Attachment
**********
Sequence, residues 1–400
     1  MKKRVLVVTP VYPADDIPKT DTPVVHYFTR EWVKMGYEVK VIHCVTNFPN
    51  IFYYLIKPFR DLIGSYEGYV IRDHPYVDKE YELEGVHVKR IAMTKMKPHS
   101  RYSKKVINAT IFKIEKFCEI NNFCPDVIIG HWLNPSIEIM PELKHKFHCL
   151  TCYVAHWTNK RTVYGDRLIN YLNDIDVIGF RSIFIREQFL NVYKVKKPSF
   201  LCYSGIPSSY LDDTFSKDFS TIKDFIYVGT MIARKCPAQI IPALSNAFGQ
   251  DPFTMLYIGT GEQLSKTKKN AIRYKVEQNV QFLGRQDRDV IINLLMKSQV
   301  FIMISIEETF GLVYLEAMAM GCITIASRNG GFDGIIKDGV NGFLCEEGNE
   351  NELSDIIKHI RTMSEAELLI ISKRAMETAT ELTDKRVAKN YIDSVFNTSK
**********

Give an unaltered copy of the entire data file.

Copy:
Sequence, residues 1–400
     1  MKKRVLVVTP VYPADDIPKT DTPVVHYFTR EWVKMGYEVK VIHCVTNFPN
    51  IFYYLIKPFR DLIGSYEGYV IRDHPYVDKE YELEGVHVKR IAMTKMKPHS
   101  RYSKKVINAT IFKIEKFCEI NNFCPDVIIG HWLNPSIEIM PELKHKFHCL
   151  TCYVAHWTNK RTVYGDRLIN YLNDIDVIGF RSIFIREQFL NVYKVKKPSF
   201  LCYSGIPSSY LDDTFSKDFS TIKDFIYVGT MIARKCPAQI IPALSNAFGQ
   251  DPFTMLYIGT GEQLSKTKKN AIRYKVEQNV QFLGRQDRDV IINLLMKSQV
   301  FIMISIEETF GLVYLEAMAM GCITIASRNG GFDGIIKDGV NGFLCEEGNE
   351  NELSDIIKHI RTMSEAELLI ISKRAMETAT ELTDKRVAKN YIDSVFNTSK